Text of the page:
Young Americans ditching car keys for the keyboard
Whole books and hundreds of studies have been written about the American “automobile culture” - our “love affair with the car.” But the United States is no longer the world’s largest auto market. China is.
Time magazine cites a report from J.D. Power that in 2010, Chinese and Indian consumers together bought just under 20 million new passenger vehicles. That’s 70 percent more cars than Americans purchased that year.
It’s not just Asia’s booming economies that may explain why this is happening. The Washington Post notes that Americans - especially young, fairly new drivers who once couldn’t wait to get behind the wheel and go anywhere and everywhere, and fast - do not regard the automobile as part of the American Dream quite so fervently any more.
In the newspaper’s words, they’re “ditching the keys for the keyboard” - more entranced by texts and apps and such than sleek steel lines and horsepower. As the Post put it, “younger people seem more interested in fiddling on the Internet than under the hood.”
Why? For one, American roads are more congested than ever. One can often get to work faster - and certainly cheaper - on a bicycle or subway train than in a gas-guzzling automobile. Dollar-a-liter gasoline prices can be prohibitively expensive for young people who are trying to pay off their college tuition loans.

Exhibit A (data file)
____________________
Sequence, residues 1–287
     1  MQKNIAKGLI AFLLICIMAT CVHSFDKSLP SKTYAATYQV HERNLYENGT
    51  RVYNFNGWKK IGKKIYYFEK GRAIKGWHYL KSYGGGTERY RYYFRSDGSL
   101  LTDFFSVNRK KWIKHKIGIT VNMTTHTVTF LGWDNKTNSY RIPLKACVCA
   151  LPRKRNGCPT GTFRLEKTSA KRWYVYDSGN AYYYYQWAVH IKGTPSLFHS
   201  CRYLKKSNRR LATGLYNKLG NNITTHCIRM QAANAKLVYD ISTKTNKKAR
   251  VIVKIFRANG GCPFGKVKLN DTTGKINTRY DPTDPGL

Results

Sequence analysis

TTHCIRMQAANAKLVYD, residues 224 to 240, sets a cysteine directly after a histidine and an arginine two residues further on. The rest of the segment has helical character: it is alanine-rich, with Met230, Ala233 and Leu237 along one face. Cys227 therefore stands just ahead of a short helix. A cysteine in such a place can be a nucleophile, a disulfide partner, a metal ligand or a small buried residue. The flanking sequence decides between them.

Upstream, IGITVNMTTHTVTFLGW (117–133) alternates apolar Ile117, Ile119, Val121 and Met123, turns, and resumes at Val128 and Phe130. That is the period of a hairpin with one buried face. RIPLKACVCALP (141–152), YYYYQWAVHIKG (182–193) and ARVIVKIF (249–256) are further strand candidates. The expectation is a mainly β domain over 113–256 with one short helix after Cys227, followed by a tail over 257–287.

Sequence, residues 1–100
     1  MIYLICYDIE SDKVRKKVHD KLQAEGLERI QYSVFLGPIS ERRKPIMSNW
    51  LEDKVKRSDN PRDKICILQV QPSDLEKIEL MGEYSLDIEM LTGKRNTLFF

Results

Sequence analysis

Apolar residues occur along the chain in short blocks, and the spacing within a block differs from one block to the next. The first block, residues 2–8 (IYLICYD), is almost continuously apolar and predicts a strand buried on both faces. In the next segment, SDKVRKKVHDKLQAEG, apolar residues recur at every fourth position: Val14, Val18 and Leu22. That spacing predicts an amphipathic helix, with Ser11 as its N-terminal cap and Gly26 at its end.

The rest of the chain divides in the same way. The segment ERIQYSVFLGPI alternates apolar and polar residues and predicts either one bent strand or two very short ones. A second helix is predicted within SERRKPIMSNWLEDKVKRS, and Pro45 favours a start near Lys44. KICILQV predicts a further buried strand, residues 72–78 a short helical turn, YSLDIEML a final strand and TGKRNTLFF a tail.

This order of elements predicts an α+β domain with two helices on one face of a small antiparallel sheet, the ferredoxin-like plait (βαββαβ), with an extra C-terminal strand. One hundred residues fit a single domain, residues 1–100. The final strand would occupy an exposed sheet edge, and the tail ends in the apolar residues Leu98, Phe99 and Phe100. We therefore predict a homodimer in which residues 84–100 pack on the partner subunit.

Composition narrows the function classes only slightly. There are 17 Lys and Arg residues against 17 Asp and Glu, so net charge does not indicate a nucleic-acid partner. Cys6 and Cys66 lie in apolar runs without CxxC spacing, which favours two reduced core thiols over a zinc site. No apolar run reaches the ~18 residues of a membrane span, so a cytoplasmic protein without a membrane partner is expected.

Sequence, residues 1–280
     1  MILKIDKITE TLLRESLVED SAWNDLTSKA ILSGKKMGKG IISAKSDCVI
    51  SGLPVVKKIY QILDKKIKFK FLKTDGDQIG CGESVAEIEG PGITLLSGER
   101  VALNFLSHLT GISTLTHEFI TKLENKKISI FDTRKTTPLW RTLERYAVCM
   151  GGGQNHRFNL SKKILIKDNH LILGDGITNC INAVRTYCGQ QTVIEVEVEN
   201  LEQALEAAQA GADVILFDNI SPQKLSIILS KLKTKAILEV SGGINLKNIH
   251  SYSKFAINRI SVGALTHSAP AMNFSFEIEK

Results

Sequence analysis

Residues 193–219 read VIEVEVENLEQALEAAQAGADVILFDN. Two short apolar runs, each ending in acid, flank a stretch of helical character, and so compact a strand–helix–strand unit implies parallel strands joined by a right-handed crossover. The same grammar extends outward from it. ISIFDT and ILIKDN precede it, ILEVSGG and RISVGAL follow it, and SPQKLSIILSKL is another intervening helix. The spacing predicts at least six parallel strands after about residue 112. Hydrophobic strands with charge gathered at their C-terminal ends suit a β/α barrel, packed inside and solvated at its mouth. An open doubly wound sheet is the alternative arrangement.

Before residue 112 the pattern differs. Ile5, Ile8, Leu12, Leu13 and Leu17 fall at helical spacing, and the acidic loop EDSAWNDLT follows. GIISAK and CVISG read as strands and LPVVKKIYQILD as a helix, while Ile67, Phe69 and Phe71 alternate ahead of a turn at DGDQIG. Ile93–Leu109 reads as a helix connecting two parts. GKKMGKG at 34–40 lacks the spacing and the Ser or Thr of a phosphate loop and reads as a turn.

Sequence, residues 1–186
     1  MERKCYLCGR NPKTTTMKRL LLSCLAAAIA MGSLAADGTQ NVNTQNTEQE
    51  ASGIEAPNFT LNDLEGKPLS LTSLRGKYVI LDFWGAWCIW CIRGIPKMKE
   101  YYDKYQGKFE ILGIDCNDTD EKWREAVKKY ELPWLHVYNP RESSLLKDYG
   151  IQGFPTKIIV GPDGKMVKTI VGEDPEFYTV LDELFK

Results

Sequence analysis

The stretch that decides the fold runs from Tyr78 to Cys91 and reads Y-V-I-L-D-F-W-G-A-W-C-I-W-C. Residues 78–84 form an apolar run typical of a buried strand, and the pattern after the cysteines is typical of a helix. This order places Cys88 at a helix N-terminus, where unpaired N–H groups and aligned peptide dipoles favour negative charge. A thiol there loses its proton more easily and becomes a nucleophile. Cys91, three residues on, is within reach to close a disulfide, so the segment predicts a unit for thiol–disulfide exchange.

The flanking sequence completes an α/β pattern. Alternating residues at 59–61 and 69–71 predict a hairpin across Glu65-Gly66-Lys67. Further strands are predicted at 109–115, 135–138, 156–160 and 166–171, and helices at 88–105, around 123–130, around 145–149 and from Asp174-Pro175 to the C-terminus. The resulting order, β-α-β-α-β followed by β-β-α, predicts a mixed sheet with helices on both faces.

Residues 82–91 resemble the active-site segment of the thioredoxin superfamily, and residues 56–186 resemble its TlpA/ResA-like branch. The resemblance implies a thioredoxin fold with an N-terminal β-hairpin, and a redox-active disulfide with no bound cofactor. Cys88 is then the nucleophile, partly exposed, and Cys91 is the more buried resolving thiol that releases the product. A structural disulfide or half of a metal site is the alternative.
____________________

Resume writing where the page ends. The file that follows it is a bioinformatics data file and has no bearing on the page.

Anti-auto-pollution campaigns by environmentalists have struck a chord. And millions of young people have moved back in with Mom and Dad, who likely have a big, free automobile handy, right out in the driveway.
And in more and more cities, when young people feel an urge to get behind the wheel and head out, a few thumb clicks on their mobile devices will find them a fuel-efficient car to rent for an hour or a day or a week, and pay for it at the same time. They don’t have to worry about car payments - or about insurance, whose costs are built into the price.
Auto dealers are still finding lots of buyers for high-horsepower, sporty “muscle cars.” But more and more of those buyers are older people, reliving the good-old days. A classic “car song” from 1964 refers to Ford’s stylish and powerful Thunderbird model: “Daddy took the T-bird away,” it goes.
And it looks like he’s done it again - to use for himself.